The Japanese mobile gaming company GREE continues to build up its international profile, after a year that has taken it outside of its home market in Japan to build up its profile in the U.S. with acquisitions and more. Today, the company announced that it would support 12 more languages on its gaming platform, taking the total to 14 (including Japanese and English). The news comes one day after GREE took a minority stake in the Holland-based chat service eBuddy.
The new languages are French, German, Italian, Portuguese, Russian, Spanish, Turkish, Chinese (Simplified Chinese and Traditional Chinese), Indonesian, Korean and Thai. Arabic is planned to be available from Nov 2012. In total the GREE Platform, which continues to remain in an open beta phase, allows developers to distribute apps in 169 countries and regions. (The SDK is here.)
The move puts GREE into even closer competition with the likes of Zynga, which also has a strong eye towards its international audiences and localizing content for them. “With the multilingualization, people around the world will be able to access GREE in their native languages for the first time. This is an important step for us in getting closer to our users and making the GREE experience a truly global phenomenon,” Ryotaro Shima, SVP, EML Business Department, GREE, Inc. and CEO, GREE UK, Ltd, said in a statement.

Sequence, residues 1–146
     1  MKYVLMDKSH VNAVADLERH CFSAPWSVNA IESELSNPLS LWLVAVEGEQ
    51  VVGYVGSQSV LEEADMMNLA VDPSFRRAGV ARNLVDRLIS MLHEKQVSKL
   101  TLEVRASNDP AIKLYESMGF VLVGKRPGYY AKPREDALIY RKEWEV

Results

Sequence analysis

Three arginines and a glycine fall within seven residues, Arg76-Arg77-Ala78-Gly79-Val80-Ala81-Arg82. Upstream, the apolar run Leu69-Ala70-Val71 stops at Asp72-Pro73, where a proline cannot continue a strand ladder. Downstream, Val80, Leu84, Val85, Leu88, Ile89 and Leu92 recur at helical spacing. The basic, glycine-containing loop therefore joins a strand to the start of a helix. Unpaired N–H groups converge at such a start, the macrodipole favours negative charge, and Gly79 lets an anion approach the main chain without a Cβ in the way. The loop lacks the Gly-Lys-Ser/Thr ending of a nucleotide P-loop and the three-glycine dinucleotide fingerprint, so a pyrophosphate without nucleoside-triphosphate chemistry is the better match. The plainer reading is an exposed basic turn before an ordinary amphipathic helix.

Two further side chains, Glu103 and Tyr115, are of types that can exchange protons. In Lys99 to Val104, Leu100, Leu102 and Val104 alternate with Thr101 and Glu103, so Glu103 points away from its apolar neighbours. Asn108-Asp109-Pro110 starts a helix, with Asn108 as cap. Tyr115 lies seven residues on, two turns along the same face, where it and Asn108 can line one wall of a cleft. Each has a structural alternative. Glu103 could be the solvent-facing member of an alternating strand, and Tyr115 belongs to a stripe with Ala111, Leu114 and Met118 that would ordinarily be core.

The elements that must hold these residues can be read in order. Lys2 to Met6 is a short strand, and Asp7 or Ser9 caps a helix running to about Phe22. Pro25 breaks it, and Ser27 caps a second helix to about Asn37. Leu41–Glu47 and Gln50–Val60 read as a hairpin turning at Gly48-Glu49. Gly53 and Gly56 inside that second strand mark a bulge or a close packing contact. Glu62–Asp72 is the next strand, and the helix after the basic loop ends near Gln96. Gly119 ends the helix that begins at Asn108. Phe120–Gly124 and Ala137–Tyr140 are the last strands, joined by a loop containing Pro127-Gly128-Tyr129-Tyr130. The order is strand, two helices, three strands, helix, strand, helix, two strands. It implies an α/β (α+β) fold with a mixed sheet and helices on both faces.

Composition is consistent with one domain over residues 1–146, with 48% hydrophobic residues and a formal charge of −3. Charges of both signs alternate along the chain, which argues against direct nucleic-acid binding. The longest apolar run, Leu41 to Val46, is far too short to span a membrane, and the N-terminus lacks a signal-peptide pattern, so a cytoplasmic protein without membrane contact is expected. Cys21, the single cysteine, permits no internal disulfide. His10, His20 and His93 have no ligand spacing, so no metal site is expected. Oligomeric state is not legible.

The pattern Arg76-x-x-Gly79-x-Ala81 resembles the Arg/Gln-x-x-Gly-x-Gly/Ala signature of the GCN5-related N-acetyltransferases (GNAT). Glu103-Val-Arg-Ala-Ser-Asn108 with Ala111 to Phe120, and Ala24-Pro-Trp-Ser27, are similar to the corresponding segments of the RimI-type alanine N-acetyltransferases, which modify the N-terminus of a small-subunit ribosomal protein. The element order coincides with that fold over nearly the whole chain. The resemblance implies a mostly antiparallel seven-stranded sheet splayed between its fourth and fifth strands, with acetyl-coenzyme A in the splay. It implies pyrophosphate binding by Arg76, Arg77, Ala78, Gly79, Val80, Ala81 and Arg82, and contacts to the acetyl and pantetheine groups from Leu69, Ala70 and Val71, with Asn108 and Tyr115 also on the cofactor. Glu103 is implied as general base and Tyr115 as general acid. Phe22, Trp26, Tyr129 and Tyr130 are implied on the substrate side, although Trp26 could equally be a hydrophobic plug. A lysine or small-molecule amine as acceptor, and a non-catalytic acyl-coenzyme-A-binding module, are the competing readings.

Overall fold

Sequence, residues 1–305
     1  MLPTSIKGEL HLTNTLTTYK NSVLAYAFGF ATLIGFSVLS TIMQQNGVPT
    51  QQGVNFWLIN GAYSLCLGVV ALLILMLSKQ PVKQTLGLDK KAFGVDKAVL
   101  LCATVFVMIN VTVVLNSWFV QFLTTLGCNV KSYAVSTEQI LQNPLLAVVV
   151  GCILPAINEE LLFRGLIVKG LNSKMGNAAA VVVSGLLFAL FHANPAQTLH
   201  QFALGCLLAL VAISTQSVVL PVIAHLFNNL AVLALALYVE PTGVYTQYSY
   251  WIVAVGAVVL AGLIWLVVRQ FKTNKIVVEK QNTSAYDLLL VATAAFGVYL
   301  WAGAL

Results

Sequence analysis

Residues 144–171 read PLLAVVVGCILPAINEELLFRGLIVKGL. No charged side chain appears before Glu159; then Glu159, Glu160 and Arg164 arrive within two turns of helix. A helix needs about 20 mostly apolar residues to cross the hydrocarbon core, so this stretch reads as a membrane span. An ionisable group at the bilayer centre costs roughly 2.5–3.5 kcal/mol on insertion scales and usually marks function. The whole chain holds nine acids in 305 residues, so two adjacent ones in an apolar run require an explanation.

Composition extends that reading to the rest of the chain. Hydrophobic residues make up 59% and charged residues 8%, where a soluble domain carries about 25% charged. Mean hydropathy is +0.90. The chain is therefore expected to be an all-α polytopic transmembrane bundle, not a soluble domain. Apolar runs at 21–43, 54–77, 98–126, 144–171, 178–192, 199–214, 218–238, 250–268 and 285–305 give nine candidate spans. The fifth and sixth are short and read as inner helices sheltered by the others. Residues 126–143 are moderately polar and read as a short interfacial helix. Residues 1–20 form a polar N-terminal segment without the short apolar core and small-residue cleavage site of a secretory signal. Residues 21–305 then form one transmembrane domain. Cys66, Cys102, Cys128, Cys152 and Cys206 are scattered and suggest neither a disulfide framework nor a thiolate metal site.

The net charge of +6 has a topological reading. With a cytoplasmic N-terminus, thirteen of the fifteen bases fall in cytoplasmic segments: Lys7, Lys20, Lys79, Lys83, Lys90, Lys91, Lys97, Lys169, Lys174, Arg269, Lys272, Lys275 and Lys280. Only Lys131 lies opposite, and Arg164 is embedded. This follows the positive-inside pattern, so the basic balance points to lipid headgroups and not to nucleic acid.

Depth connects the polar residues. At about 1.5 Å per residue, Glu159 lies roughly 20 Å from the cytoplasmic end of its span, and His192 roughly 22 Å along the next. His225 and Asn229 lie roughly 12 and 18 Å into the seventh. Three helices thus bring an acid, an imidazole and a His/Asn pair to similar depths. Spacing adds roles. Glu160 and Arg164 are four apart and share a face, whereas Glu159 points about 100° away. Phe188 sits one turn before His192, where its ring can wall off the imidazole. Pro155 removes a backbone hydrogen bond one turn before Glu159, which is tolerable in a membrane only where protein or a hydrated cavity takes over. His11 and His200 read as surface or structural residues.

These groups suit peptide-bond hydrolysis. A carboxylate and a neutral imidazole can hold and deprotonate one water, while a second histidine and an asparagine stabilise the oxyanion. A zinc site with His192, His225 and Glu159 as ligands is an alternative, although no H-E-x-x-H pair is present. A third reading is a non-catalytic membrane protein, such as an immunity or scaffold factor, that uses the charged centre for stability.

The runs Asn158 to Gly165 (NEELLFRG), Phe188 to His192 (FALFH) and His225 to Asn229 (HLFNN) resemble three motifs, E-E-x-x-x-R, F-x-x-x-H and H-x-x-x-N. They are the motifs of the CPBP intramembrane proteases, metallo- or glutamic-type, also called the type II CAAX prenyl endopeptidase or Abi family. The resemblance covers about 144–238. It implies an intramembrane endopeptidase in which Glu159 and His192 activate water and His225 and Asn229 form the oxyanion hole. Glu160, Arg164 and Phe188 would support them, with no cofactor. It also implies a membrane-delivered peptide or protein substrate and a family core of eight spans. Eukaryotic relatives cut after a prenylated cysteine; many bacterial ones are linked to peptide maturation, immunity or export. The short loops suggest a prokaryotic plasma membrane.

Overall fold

GREE’s platform gives users single IDs that let them play across a number of games — part of what the company picked up when it acquired Openfeint. The games are built on a freemium model with certain features free and others bought through in-game purchases. The games also have significant social elements, such as the ability to send other players “gifts” and to collaborate on games and of course compete against others. These work across different platfroms.
Users can invite, share in-game experiences and achievements, engage through gifting, collaboration, competition and other actions with each other, whether they have an Android or iOS device.
But alongside its international ambitions, GREE also continues to invest at home, and those activities may point to where the company hopes to take its platform longer term, beyond gaming. Yesterday, the company also led a $1.2 million investment in Japanese social restaurant guide Retty, as the company gears up to take its mobile app outside of its home market.
The value of the eBuddy stake, meanwhile, has not been disclosed, but last year the Dutch company was shopping around a 20% investment at a valuation of $100 million, so that could be a guide to what GREE has put in.
GREE is valued at more than $4 billion.